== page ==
Far from buckling under geopolitical pressure and the Covid-19 slowdown, CBEC appears to be holding its own—and even growing. To offset the impact of US trade tariffs and the pandemic, the Chinese government is prioritizing specialized free trade zones for cross-border e-commerce, with plans for 46 new integrated pilot zones for cross-border e-commerce and backing from top officials, including Chinese Premier Li Keqiang.

Which products and brands are set to benefit from China’s strong rebound and determination to pursue cross-border e-commerce?

Babies, beauty, and healthy bodies

Maternity and infant care, as well as beauty and healthcare products have traditionally been the most popular purchases on CBEC platforms. While this trend is set to continue, consumers have shown greater interest in a diverse array of products.

In the first quarter, consumers used CBEC to purchase food, beverages, personal hygiene products, and health supplements. This fits the health and hoarding-oriented patterns seen all over the world during the early stages of the pandemic. 

Since February, imported kitchen appliances, at-home beauty devices, gaming consoles, maternity and infant care products, and beauty products were among the most popular products on Tmall Global. Sales of at-home beauty devices have grown nearly fivefold compared to a year earlier. 

What cross-border brands need to do now

  • Get in on China’s big shopping festivals
    As festival-related sales have become the most important driving force for consumers to make purchasing decisions, merchants on CBEC platforms should work on designing and perfecting these campaigns to stand out among the competition.
  • Work on getting private traffic on social media platforms like WeChat 
    Recommendations by family and relatives are a top incentive to make purchases. They are one of the best ways to form strong relationships with customers and fans. Garnering private traffic on social media is an excellent way to encourage recommendations. 
  • Livestream. Livestream. Livestream.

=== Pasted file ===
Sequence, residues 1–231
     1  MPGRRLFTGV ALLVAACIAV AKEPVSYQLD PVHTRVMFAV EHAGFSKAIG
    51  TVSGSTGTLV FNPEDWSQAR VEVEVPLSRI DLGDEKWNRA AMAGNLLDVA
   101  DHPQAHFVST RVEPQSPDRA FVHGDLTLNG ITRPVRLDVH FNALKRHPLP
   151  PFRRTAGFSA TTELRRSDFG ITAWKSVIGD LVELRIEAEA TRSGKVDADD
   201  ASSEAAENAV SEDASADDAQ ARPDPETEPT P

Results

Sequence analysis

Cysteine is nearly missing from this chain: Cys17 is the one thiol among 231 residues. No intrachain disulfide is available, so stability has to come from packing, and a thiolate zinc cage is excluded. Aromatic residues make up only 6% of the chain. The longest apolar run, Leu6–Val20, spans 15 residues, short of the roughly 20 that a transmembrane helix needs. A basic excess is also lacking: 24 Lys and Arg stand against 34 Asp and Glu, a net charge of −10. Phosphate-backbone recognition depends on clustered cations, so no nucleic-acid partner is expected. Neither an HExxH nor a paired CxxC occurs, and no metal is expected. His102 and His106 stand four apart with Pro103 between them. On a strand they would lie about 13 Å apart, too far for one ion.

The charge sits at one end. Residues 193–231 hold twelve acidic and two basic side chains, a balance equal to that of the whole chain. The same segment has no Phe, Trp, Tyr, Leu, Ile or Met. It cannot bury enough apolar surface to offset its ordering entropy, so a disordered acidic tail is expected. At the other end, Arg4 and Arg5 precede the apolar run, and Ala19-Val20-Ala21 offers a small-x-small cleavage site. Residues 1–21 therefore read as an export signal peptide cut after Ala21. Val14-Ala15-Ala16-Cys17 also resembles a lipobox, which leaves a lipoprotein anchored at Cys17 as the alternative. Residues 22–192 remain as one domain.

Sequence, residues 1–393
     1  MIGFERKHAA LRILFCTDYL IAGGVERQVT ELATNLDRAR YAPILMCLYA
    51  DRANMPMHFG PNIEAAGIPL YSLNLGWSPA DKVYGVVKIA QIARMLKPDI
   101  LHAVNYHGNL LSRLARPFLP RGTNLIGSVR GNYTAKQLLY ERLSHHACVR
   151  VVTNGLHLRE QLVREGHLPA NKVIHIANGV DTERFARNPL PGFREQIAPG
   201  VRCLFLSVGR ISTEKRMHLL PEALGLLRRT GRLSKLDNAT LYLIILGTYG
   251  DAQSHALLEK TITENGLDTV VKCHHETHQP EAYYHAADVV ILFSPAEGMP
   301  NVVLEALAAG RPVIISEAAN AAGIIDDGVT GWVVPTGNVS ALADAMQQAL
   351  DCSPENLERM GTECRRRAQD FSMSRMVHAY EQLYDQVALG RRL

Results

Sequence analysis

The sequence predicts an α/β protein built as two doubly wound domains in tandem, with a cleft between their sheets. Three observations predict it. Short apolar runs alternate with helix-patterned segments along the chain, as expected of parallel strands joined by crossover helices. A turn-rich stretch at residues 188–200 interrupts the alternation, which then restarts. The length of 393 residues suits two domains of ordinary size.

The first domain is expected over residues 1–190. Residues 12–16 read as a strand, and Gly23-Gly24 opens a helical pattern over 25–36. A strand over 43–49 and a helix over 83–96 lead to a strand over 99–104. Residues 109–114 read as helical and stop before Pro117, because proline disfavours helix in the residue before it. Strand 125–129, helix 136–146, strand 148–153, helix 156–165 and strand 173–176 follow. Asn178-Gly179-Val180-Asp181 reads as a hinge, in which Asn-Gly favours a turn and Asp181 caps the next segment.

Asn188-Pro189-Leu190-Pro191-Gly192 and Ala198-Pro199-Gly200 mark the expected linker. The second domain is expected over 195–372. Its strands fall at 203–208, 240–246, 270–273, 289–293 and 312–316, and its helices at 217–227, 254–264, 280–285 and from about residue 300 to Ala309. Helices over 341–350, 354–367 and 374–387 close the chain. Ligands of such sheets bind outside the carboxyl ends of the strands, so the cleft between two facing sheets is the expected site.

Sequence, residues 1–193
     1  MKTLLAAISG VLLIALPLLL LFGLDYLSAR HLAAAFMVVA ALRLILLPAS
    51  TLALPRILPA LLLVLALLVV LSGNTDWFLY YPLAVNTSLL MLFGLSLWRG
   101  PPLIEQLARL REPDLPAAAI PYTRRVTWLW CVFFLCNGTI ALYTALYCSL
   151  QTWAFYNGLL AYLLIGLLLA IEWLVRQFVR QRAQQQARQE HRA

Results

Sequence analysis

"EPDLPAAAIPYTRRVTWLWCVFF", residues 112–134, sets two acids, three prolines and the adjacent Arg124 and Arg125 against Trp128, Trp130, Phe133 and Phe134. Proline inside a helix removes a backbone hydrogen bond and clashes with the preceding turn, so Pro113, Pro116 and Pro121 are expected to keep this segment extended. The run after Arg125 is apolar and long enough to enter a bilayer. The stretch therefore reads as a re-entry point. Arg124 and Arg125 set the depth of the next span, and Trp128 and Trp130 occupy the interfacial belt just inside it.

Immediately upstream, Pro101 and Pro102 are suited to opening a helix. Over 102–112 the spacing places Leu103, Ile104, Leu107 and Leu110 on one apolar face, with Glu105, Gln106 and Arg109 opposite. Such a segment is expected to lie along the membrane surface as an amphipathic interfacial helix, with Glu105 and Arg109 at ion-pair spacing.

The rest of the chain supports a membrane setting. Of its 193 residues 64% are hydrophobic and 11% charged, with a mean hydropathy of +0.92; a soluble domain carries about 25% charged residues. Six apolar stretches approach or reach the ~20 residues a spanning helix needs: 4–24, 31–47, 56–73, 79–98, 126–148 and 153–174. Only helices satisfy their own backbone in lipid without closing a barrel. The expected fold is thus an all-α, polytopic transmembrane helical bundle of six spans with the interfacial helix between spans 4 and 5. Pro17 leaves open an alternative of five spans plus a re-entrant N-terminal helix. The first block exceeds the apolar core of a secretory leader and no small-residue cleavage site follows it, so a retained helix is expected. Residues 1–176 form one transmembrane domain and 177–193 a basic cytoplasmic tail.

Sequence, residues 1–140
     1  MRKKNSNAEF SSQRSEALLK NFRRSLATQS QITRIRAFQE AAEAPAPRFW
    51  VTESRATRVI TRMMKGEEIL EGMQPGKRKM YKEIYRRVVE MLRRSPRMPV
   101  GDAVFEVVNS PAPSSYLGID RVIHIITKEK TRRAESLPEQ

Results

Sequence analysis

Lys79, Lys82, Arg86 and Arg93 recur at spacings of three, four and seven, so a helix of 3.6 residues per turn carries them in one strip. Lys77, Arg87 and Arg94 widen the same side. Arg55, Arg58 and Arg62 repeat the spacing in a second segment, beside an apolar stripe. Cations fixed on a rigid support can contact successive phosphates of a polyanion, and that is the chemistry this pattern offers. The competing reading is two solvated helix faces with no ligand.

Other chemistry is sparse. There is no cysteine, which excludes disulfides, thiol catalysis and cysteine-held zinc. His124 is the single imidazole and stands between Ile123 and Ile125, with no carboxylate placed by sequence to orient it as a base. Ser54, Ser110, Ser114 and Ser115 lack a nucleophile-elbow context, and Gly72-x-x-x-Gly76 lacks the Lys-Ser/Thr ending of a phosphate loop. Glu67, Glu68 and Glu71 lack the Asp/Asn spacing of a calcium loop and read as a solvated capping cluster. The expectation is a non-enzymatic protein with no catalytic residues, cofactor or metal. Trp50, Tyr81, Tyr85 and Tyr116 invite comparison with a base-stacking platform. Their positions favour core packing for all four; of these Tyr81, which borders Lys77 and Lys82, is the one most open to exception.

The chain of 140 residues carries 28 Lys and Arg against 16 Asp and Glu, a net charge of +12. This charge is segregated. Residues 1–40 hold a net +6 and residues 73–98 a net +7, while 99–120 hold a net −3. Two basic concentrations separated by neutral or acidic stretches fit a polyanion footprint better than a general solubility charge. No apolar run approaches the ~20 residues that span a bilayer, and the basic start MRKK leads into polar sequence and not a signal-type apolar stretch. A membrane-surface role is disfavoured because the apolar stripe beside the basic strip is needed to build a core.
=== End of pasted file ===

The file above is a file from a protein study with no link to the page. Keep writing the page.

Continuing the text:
Livestreaming has taken over China and proven to be an effective channel for sales. Get a camera ready, livestream, and use short video apps to attract prospective customers.
  • Smooth out shipping issues 
    The primary obstacles reported by consumers in the first half of 2020 were hassles associated with exchanges or refunds, long waiting times, and high shipping costs. Although some of these issues may be beyond the control of smaller brands and companies, CBEC merchants need to keep in mind that lowering shipping costs and improving delivery efficiency are key to survival in a cutthroat retail environment that boasts extremely fast domestic delivery times.
  • Check your product offerings
    Consumers are becoming more segregated into sub-groups that show shared spending patterns and demand for specific products. Merchants need to refine and diversify their product offerings to provide more specialized products.

Looking ahead for cross-border e-commerce

Foreign businesses that have set themselves up on Chinese CBEC platforms are reaping the rewards. For example, Ryukakusan Co. Ltd., a Japanese pharmaceutical company that specializes in throat lozenges, set up a store on Tmall Global in August 2019. Before the outbreak of Covid-19, their main source of sales to Chinese consumers was through local drugstores in Japan. With Chinese consumers no longer able to travel to Japan, Ryukakusan’s Tmall Global store now generates over RMB 1 million in sales per month. Over the past three months, the company’s Tmall Global store has seen its revenue more than double. 

Ashley Dudarenok

Ashley Galina Dudarenok is the founder of Alarice and a renowned China marketing expert. She is also the LinkedIn Top Voice in Marketing in 2019, Asia-Pacific's Top 25 Innovator, 3-time Amazon bestselling...